CPA defends ‘extremely effective’ marketing strategy

CPA defends ‘extremely effective’ marketing strategy

Meeting

CPA Australia’s directors have acknowledged a disconnect between member and board expectations, and been pressed by a Senate committee to produce further proof that its marketing spend and strategies were effective.

A Senate hearing in Canberra today, intended to focus on the modernisation of the Corporations Act, saw directors of CPA Australia grilled on decisions to allocate marketing spend to non-accounting sporting events and public figures.

Senator Sam Dastyari relentlessly pushed the board on several specific spend decisions involving astronaut Neil Armstrong, Henry Winkler of Happy Days fame and Dutch violinist Andre Rieu.

Director Graeme Wade explained that the board felt these high-profile figures translated to accounting audiences because of their aspirational leadership experiences.

Senator Nick Xenophon also pushed the board on a core part of CPA Australia’s marketing strategy - the focus on the leadership of former chief executive Alex Malley.

President Jim Dickson defended Mr Malley, saying under his leadership and with this marketing approach, CPA Australia was able to broaden its audience and influence, particularly overseas.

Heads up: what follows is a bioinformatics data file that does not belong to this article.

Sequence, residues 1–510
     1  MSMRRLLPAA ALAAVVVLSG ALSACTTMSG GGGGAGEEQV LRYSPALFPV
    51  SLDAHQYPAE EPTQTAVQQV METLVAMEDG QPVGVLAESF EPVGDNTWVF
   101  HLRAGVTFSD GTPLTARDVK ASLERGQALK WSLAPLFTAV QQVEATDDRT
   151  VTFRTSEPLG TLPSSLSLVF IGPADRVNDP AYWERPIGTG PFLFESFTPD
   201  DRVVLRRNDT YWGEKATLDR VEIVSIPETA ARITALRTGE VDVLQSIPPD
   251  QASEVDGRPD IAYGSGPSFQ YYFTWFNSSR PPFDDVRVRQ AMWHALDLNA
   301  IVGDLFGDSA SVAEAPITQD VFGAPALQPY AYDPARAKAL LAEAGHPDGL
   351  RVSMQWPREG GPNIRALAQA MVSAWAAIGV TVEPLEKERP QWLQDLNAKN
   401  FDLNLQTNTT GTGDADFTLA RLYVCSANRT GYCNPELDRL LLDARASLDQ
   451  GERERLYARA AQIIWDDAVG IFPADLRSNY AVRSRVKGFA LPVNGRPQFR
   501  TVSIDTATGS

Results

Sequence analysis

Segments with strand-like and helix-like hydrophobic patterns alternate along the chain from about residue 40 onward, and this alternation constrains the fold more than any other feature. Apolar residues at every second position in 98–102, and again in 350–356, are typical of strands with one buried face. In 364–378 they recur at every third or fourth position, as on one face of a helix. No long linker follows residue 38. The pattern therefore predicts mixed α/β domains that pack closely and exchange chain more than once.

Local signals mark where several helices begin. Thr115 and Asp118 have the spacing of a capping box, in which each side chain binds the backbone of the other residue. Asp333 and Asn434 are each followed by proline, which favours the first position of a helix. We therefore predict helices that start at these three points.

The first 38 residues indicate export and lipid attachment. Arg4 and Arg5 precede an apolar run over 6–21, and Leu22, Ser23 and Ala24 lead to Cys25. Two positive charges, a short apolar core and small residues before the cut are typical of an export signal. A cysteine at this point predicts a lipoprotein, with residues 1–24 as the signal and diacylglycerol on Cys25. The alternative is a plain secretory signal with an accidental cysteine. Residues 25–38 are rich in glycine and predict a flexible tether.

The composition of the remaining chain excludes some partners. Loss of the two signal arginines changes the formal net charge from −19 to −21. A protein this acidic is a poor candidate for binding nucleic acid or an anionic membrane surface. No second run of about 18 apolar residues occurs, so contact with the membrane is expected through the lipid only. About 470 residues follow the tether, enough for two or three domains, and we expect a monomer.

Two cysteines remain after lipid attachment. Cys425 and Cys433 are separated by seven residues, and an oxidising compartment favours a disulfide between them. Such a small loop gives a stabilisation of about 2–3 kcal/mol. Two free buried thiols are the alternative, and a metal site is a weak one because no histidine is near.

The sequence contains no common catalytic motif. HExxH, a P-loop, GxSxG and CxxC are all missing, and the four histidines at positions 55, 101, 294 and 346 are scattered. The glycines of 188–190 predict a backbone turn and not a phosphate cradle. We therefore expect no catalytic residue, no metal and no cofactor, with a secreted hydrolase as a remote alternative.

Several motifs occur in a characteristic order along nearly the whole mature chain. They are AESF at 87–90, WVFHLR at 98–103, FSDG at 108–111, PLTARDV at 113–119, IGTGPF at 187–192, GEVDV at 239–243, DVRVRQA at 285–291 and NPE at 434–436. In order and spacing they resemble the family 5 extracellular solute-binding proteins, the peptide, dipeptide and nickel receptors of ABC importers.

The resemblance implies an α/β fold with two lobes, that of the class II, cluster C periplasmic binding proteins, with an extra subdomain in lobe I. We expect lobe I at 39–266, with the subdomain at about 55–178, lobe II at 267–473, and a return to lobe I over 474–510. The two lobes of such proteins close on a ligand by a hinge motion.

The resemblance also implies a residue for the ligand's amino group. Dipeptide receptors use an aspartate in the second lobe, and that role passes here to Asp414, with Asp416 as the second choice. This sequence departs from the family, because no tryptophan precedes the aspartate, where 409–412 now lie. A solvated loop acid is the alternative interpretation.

At its annual general meeting (AGM) in June, the board indicated membership gains in key focus markets, including 20 per cent growth in Asia in the last three years.

The board also said expenditure on marketing, promotion and publications as a proportion of revenue remained consistent over the last 10 years.

However, Mr Xenophon told the board to produce further proof that the spike in member numbers correlated with the board-approved marketing strategy.

Moving forward, CPA Australia intends to better explain its marketing strategy to members and consult more comprehensively with national divisions. Mr Dickson acknowledged this has been lacking in recent years.

This fed into a broader disconnect between members and the board, which Mr Dickson also acknowledged.

“It is the board that sets strategy and monitors performance,” he said. “We have acted in accordance with the CPA Australia constitution and the law. But we recognise that there was a dichotomy between what was required and what was expected of us.”

You can read more about today's hearing here. 

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CPA defends ‘extremely effective’ marketing strategy
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